City, officials look forward after Trump’s visit
If you heard a sound from City Hall late Wednesday, it may have been a sigh of relief following an exhaustive day spent playing host to President Donald Trump.
"It was a long day," Duluth Mayor Emily Larson said Thursday. "I did not fully relax until I knew we had made it through all the events ... and crowds had dispersed and traffic was flowing and President Trump had made it safely through his entire visit."
In the aftermath of the Trump campaign rally at Amsoil Arena, both parties were declaring victory in building buzz toward November's midterm election.
"The rally really was just unbelievable," Pete Stauber told Fox & Friends early Thursday morning while appearing on the national morning show via satellite from a downtown Duluth diner.
Trump came to the city in support of Stauber's GOP-endorsed campaign in the race for the open seat in the 8th Congressional District. Stauber's 3-minute appearance on Trump's most-favored morning program gave Stauber an additional chance to squeeze more juice from the ballyhoo.
"I have Democratic mayors on the Iron Range who have come out and supported me," Stauber told Fox & Friends, referring to multiple Range endorsements. "They're taking the labels off and looking at what we've done."
Meanwhile, the DFL claimed its own momentum from the Trump visit, saying that during its resistance march downtown and subsequent rally in Lake Place Park it was able to register new voters and sign-up scores of volunteers to bolster its door-knocking and ground game.
"They're looking backwards as a nation," 8th District Democratic-Farmer-Labor party chair Emily Nygren said of Republicans. "Our message is more powerful than one speaker. We don't need a headliner to make that momentum."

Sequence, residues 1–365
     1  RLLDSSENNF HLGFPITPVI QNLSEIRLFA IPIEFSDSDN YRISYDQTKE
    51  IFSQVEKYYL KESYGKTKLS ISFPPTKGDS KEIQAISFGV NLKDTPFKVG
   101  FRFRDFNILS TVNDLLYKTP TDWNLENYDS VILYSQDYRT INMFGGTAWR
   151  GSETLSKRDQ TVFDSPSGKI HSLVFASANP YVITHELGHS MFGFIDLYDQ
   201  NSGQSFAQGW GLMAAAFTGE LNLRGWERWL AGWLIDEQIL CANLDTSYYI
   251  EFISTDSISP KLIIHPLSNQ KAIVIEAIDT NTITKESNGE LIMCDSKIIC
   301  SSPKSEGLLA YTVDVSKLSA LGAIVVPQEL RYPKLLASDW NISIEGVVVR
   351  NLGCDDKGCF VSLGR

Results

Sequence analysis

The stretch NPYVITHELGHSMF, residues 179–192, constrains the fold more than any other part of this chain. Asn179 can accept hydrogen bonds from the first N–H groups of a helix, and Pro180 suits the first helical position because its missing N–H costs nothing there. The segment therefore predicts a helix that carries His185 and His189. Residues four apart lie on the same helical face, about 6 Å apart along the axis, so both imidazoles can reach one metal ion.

The DFL will settle on its 8th District candidate from among five candidates at the Aug. 14 primary.
After it was over, President Trump noted the Duluth rally in his Twitter account, thanking people who attended and "at least 10,000 who could not get it." While rally organizers did deny entry to some people as the Duluth Fire Department kept close tabs on capacity, the president's boast was unfounded and the sort with which his observers have become familiar.
Nygren couldn't put a number on how many DFLers came out, but said, "We had a high turnout and it was a positive message all the way."
The city's public safety officials had received word of Trump's pending visit "7-10 days" before it was revealed to the public, Larson said. From the start, they knew it would come at a challenging time — just days after Grandma's Marathon, Duluth's biggest event of the year.
The mayor attended a final planning meeting with public safety officials and the Secret Service at 10 a.m. Wednesday, she said. She went both to make sure everything was in place and to thank leaders of the effort, Larson said.
"Because, at this point, we have team members who have been extremely focused on people's public safety with major events the past two weeks," she said. "It's a big day, the world is watching, we want everything to go well and it's important to thank and respect the effort that goes into that day."
What the event cost the city hasn't yet been determined, said Lt. Mike Ceynowa, public information officer for Duluth police. It likely will be around this time next week before that's figured out, he said.
A couple of hiccups occurred during the early phases of the event. An afternoon power outage affected more than 5,000 Minnesota Power customers, including the Duluth Entertainment Convention Center as people were already waiting in line to get into Amsoil Arena, and conditions for people waiting in the Northwest Passage section of the Skywalk became uncomfortably warm.
But Minnesota Power restored service to the DECC quickly, Larson said. "The air circulation in the Skywalk wasn't great, but as soon as we found out we all worked together to address that."
Larson said she chose not to be involved in organizing any of the events. She felt her job was help to ensure public safety.
Duluth police said two arrests were made during the Trump rally at Amsoil Arena. Police declined to offer any estimate of crowd sizes, either among the president's supporters or protesters.
The city doesn't have a say on whether a president comes to town, Larson said. When the president does come, it's the city has a responsibility not only ensure a safe visit but also to safeguard people's First Amendment rights, she said.
She was happy with how those responsibilities were met, Larson said.
"I was just really, really pleased with how everything went," she said. "I was very proud of our community. I think we showed ourselves to be civil, to demonstrate our views and opinions, and to do so in a way that was very respectful."